2. I feel a bit wistful about the Stag brewery at Mortlake closing. My great grandad was a drayman at the old Stag brewery in Westminster, its site now occupied by a glass and concrete office block. According to my late great aunt he used to have about 36 deliveries a day, at each of which he had the choice of having either a (half?) pint or a bit of tobacco. Listening out for the clop of horses’ hooves at night, my great gran would tell her daughters to go out and open the stable doors for their father, who would often be sat up in his dray fast asleep as he rolled into view…

  3. I don’t know if you know, but in the next twelve months or so, Meantime will be moving to larger premises in Greenwich, with a considerably larger brewhouse, which will enable us to treble present capacity. (Currently 650 Hl a week, 50 weeks per year.)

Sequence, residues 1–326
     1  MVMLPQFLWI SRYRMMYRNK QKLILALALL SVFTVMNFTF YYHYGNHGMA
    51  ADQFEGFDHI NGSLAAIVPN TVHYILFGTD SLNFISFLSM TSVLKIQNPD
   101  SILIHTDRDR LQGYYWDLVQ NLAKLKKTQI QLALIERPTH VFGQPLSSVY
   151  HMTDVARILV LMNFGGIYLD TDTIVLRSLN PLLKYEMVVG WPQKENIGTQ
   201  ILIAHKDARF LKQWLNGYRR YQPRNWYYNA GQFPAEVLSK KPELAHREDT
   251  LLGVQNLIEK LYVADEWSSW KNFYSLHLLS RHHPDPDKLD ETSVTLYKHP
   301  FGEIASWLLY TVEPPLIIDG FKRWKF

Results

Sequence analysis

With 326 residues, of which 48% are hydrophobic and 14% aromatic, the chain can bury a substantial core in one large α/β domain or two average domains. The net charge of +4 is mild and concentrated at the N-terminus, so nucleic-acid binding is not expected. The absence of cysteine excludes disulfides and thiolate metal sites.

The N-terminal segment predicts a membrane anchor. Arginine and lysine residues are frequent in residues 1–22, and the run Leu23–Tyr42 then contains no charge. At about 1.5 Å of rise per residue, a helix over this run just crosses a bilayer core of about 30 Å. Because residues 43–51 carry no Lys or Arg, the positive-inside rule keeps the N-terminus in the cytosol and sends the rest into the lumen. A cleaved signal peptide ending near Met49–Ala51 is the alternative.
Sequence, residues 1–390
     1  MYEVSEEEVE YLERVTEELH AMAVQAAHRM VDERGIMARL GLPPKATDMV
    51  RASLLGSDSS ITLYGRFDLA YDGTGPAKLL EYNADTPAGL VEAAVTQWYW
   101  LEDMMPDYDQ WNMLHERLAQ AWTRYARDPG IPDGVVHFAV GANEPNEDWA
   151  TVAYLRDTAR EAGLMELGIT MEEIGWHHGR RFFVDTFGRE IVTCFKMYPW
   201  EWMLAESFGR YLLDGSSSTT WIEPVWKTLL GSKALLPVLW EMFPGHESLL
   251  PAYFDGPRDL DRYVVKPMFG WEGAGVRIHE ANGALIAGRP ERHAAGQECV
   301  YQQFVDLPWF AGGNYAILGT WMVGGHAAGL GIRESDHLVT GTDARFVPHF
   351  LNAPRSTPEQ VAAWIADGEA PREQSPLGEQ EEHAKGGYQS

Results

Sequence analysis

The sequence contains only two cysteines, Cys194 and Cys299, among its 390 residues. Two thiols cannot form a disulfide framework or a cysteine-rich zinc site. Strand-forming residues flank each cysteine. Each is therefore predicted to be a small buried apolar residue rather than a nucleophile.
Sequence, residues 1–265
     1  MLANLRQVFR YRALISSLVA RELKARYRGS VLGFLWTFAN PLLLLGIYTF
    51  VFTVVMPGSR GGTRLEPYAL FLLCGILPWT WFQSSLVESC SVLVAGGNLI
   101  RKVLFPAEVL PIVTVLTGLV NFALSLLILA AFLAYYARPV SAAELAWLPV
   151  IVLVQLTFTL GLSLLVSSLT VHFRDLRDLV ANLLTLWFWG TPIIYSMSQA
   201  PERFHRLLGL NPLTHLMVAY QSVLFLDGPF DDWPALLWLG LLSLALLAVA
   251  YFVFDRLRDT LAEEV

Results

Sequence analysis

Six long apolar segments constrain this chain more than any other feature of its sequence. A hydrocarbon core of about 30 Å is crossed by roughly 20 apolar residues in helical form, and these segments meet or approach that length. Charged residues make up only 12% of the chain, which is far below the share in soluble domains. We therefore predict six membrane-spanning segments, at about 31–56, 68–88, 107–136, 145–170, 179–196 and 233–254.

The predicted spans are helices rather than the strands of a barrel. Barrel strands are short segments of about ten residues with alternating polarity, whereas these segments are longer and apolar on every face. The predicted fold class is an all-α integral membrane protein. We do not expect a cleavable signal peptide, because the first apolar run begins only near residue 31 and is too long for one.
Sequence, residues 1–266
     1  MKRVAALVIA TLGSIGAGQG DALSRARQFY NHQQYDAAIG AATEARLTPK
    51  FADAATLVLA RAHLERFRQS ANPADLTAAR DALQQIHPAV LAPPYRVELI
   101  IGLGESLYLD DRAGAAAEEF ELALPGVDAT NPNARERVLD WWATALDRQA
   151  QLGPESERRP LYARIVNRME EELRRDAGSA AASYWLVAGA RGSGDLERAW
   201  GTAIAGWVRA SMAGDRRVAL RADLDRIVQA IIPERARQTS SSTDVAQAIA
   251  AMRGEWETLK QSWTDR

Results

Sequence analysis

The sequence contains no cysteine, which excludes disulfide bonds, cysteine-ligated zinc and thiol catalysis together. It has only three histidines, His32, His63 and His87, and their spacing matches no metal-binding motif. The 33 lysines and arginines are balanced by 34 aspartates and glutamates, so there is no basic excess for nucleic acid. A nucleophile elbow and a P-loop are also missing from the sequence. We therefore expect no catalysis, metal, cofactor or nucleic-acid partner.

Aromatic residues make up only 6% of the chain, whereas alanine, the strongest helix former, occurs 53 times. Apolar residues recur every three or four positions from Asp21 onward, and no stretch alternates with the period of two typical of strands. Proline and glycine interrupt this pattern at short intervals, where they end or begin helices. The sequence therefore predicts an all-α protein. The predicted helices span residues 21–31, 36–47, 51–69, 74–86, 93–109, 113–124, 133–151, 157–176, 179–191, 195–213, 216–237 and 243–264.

This is in addition to the opening in the Spring of a 3 barrel microbrewery at the Old Royal Naval College at Greenwich, on the site of the 1717 brewery which used to brew the Naval pensioners daily beer ration. The microbrewery will be producing beers for sale on site, and also act as Meantime’s pilot and research facility.
    Meantime also plan to considerably increase their estate of London pubs over the next three years.
    Remember – all the large breweries of the past started small!